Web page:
Amazon, Microsoft, Google, Salesforce, and SAP are among over 90 tech companies that have collectively laid off over 25,000 workers so far in 2024, according to Layoffs.fyi, a website that tracks such data.
The recent wave of layoffs across the industry reflects the fact that many tech CFOs have sharpened their focus on ensuring long-term profitability in an uncertain economy — a trend that is unlikely to go away anytime soon, analysts told CFO Dive.
“This is not a first-quarter phenomenon,” said Giuseppe Gasparro, a partner & managing director at New York-based consulting firm AlixPartners. “It’s something that we believe is here to stay for at least the rest of 2024, and maybe well into 2025.”
In a recent BDO survey, 40% of tech CFOs said they were planning to conduct layoffs in 2024, although just 14% said they expected to reduce overall headcount.
“We have data suggesting that some areas within these organizations are going to increase, so we think this might be a situation where they’re just trying to shift toward being more efficient in their operations,” said Hank Galligan, BDO’s national technology practice leader.
Factors such as high interest rates, slowing customer demand and over-hiring during the COVID-19 pandemic have combined into a “perfect storm” that is now forcing technology-industry executives to adopt a more structured, long-term approach to ensuring profitability, according to a report released by AlixPartners last August.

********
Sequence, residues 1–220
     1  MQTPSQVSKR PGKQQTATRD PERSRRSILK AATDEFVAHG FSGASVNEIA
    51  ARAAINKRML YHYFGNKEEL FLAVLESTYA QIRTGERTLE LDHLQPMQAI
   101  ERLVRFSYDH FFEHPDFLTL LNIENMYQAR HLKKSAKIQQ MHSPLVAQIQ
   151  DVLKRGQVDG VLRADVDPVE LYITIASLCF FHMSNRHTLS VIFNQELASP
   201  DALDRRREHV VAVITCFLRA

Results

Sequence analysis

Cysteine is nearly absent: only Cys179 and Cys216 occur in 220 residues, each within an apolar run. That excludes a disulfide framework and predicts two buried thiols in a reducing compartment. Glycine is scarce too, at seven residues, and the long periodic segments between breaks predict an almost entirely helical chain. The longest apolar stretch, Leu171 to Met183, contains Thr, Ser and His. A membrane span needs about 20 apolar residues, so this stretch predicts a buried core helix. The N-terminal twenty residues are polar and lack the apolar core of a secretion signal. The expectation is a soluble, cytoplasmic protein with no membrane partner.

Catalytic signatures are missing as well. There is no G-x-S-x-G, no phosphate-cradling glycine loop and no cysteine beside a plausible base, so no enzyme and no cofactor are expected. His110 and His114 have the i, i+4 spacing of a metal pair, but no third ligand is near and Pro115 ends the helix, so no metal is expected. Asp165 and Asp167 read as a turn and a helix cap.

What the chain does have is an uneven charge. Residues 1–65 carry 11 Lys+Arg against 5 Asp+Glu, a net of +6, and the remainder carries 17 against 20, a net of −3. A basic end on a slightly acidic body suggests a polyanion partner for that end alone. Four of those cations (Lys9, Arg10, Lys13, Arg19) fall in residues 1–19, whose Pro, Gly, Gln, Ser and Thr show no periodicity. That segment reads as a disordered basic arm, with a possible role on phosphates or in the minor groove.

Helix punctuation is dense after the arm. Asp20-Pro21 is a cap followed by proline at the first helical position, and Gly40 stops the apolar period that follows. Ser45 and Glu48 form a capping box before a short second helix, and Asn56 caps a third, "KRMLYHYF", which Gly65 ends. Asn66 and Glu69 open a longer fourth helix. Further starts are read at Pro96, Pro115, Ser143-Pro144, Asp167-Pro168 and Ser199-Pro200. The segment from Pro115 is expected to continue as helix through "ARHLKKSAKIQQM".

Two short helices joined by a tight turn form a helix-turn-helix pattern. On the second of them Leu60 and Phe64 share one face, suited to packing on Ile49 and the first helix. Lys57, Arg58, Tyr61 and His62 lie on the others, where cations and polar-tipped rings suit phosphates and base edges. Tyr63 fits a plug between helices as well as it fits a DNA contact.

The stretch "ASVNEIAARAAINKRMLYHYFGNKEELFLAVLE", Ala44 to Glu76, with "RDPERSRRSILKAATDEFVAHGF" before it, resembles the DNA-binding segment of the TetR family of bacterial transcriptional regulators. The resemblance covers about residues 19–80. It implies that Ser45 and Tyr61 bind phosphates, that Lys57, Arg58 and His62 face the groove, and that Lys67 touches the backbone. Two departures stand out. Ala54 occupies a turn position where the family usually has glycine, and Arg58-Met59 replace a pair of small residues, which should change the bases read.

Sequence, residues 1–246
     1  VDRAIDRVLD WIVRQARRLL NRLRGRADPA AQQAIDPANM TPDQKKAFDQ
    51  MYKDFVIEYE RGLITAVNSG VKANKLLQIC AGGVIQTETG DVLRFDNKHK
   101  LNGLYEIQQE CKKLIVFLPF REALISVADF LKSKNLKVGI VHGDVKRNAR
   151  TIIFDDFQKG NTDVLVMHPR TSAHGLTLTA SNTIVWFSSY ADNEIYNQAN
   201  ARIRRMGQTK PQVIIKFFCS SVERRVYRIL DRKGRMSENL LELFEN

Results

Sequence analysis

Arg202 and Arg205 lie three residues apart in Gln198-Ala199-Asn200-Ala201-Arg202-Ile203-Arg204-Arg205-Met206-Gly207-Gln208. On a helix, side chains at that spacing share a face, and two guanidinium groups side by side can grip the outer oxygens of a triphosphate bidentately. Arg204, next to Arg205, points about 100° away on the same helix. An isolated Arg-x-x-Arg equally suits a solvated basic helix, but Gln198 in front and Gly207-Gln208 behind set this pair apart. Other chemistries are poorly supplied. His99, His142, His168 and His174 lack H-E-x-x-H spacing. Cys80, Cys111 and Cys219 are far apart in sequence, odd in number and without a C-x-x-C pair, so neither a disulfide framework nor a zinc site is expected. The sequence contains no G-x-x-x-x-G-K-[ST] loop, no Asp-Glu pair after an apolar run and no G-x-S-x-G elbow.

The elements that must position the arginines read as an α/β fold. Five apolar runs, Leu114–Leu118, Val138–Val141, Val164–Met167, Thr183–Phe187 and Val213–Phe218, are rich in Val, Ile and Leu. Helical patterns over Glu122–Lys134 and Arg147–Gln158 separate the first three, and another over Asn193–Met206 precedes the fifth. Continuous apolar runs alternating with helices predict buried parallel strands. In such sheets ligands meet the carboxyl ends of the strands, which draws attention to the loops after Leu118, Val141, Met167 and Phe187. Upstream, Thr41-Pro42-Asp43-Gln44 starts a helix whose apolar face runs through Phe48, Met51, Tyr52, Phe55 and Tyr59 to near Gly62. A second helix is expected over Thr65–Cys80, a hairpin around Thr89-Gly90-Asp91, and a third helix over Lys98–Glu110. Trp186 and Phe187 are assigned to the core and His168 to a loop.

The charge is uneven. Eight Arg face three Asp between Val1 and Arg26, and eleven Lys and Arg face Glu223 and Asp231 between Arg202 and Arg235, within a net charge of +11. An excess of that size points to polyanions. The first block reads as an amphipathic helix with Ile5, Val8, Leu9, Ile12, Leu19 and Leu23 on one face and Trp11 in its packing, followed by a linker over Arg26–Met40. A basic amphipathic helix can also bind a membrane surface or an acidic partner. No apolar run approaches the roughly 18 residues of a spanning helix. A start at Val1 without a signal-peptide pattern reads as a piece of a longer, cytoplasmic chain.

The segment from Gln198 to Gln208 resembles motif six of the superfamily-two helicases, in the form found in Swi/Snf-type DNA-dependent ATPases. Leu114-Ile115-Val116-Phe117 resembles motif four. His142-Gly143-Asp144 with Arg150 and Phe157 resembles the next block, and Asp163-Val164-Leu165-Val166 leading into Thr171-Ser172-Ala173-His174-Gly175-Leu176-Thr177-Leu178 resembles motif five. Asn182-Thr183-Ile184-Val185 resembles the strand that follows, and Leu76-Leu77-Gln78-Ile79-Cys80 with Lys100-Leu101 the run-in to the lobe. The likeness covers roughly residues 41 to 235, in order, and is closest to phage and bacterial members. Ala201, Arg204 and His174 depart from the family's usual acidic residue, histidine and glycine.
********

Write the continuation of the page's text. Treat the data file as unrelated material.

“Unfortunately, we fear this storm isn’t over yet,” the report said. “The macro environment hasn’t turned and likely won’t for some time. Interest rates continue to pressure valuations and limit access to capital.”
Earlier this month, Google announced that it was shedding hundreds of jobs in its hardware, voice assistance and engineering teams as part of cost-cutting measures. The tech giant said in a statement that it was “responsibly investing in our company’s biggest priorities and the significant opportunities ahead,” as reported by the Associated Press.
Meanwhile, many of the same big tech companies that are laying off employees are doing so as they invest billions of dollars into artificial intelligence.
“They’re getting rid of skills sets that really don’t have a place in their forward operating plan and investing more in the skill sets required to stay competitive in the future,” Forrester analyst Christopher Gilchrist said.